High concentrations of leaf epicuticular waxes are thought to enhance water stress resistance in plants because of a reduction in leaf temperature and also reduced water vapor loss from the leaves. However, even though this phenomenon has been studied for some time, much remains to be understood about the relationship between leaf wax load and leaf responses under varied environmental conditions. In this study, we report the effects of leaf epicuticular wax load on leaf temperature (LT), stomatal conductance (g), transpiration (E), and total water potential (Psi) in four isogenic lines of sorghum (obtained from the sorghum research program at Purdue University, West Laffayette, Indiana), which varied with respect to epicuticular wax load. For this research, plants were grown in the field in northeastern Mexico (Ciudad Victoria, Tamaulipas), under both irrigated and non-irrigated conditions and sampled at 42, 58, 73, and 89 days after planting. Our results showed that LT was not affected by the amount of leaf epicuticular waxes and on average the LT was about 4 C higher under drought conditions than under irrigation. We found that g, E, and Psi were significantly correlated with leaf epicuticular wax load, but the degree of significance depended on sampling date. In general, we found that the isogenic lines with the greatest amounts of leaf epicuticular waxes showed the greatest reductions in g and E under non-irrigated conditions and also had the highest values for Psi. Under irrigated conditions, the effects of the leaf epicuticular waxes on the parameters measured were much reduced. In summary, we conclude from this study that under non-irrigated conditions, high epicuticular wax loads reduce water loss and hence allow the leaves to maintain a higher water potential.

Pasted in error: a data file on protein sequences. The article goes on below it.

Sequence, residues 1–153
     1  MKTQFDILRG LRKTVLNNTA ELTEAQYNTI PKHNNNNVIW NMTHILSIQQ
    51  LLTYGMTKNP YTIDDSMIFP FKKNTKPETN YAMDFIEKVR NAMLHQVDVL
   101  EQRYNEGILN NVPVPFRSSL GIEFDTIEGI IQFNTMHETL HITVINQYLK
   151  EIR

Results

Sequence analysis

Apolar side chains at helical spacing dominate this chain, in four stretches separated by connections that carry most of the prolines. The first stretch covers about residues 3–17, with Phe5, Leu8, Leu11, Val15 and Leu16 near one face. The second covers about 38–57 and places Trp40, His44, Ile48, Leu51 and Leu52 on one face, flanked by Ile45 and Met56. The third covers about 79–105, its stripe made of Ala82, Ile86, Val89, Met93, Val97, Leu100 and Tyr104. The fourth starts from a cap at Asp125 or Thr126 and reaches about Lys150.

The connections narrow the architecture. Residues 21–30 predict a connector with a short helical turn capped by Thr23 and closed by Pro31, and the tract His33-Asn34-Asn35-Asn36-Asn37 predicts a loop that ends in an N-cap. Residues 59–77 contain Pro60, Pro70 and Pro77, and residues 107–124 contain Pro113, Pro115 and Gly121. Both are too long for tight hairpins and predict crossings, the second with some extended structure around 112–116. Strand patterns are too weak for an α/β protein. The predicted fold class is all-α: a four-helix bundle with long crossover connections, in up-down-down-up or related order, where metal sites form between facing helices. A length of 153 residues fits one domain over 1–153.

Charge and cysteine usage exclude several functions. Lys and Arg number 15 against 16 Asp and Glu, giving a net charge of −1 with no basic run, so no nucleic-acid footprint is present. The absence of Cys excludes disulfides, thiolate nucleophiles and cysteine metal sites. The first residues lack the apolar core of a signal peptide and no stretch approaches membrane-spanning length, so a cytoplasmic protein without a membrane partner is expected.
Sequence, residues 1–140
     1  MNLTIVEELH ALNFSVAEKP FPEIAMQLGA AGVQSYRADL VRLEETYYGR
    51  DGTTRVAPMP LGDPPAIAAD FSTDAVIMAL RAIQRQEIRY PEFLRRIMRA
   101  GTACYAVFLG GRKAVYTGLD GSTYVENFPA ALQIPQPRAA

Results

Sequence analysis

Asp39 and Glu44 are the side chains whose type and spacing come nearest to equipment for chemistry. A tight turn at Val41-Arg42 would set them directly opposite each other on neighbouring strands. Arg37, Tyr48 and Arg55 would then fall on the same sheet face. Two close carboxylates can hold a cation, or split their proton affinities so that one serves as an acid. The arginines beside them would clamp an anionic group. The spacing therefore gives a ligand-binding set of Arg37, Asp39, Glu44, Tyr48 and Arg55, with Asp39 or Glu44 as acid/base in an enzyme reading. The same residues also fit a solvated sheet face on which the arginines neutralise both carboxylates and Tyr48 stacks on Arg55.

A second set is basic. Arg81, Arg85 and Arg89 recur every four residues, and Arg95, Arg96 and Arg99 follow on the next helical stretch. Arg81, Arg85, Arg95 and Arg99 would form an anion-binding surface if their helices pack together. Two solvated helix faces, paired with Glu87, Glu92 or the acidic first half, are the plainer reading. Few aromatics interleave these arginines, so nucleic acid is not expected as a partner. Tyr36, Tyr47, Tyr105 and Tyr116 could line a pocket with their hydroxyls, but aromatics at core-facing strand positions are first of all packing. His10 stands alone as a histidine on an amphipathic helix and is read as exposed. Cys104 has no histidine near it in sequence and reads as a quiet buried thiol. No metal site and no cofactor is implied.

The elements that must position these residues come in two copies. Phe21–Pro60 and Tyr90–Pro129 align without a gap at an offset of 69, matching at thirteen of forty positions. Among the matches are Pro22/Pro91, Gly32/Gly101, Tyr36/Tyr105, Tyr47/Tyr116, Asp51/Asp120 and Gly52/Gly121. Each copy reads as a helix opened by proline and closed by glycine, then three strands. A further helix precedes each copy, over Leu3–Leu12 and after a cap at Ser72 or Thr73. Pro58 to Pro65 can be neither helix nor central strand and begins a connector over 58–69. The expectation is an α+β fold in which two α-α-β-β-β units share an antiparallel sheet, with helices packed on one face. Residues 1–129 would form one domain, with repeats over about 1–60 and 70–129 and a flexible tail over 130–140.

Key words: epicuticular leaf wax, Sorghum bicolor, stomatal conductance, transpiration, water stress